Fabricio Coloccini: 'Messi is so quick, there is nothing you can do really'

 

Apparently the televised perception of Lionel Messi is not correct; worryingly, the Barcelona forward is quicker in real life.

We are told too often these days about what is revelatory, but to be informed that the fleet-footed Argentinian, who scored five times against the bewildered Germans of Leverkusen in midweek and whose current tally in La Liga and for his country is now a mind-boggling 250 goals from 378 games is slowed down to television viewers is a genuine mouth-opener.

Fabricio Coloccini, the Newcastle captain, has played with Messi for Argentina and against him when the defender was with Deportivo la Coruna in Spain. He offers this appraisal: "On the TV he looks very quick but in life he is quicker than he is on the television. It is unbelievable.

"Sometimes you watch it on television and you say, 'Yes, that was good but the defender can do more'. But really when you are live, and it is on the pitch, he is so, so quick. There really is nothing you can do.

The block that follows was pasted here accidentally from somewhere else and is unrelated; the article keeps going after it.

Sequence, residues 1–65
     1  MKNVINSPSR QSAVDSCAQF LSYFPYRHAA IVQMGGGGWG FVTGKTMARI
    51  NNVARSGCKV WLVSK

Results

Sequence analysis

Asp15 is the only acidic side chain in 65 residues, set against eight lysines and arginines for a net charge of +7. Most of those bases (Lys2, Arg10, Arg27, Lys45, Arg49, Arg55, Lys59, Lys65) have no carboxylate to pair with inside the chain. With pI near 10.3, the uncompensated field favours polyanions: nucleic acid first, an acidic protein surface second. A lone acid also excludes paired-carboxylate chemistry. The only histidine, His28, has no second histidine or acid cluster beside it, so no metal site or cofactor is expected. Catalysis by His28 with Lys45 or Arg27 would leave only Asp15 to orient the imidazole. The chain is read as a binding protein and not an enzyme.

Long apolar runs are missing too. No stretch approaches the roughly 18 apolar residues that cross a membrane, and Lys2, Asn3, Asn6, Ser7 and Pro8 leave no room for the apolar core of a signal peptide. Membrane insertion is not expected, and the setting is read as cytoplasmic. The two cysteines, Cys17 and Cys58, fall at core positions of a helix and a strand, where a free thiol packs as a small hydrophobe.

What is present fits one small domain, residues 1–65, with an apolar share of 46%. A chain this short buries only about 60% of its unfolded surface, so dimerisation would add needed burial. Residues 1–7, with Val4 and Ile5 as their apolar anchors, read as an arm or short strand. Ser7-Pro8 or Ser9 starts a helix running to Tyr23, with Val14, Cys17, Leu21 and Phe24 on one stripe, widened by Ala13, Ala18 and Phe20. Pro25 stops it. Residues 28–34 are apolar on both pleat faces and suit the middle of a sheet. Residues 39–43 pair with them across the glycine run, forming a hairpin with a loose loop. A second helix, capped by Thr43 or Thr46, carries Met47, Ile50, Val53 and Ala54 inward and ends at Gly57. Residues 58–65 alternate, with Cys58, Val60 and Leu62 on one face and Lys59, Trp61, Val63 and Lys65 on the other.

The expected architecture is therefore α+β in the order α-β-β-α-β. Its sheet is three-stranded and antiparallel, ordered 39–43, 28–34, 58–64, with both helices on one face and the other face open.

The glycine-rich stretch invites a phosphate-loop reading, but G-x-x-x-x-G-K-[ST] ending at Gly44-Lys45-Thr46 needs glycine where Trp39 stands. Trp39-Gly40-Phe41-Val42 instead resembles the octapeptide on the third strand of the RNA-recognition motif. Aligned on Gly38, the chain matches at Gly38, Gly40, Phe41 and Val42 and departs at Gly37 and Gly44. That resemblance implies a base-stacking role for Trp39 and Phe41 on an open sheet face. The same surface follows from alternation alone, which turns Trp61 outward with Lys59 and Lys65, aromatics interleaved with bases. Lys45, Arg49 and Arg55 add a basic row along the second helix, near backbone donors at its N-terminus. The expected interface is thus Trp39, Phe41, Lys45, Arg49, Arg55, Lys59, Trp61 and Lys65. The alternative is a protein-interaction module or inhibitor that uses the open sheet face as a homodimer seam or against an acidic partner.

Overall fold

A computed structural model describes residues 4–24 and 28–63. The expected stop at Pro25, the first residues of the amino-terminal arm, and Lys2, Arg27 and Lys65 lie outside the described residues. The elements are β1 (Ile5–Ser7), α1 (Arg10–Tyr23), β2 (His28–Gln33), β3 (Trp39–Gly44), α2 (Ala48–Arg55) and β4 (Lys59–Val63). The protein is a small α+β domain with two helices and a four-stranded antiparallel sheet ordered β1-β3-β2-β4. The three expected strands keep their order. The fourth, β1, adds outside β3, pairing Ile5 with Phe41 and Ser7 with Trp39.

He adds: "When I was in training with Argentina, you make sure you're on his team. You want to play with him, not against him.

"It is more difficult because he is small. He is small and strong. Sometimes, when you're small and have strong legs it is difficult to knock him off the ball.

"Can I compare between him and Maradona? It is so, so difficult. Maradona was the best player in the world for a long time. Messi is 24 years old. He is writing his history now. He is doing really, really well. I think if he keeps going in this way, he will be better than Di Stefano, Maradona, Cruyff, a lot of players.

"He is unbelievable. It is nice because he is from Argentina. It is very important. There was Maradona and now there is Messi. Sometimes it is difficult to say he has not won the World Cup. The team is 11 players and he can't win the game alone. He needs team-mates as well, but he played the last friendly game and he scored a hat-trick."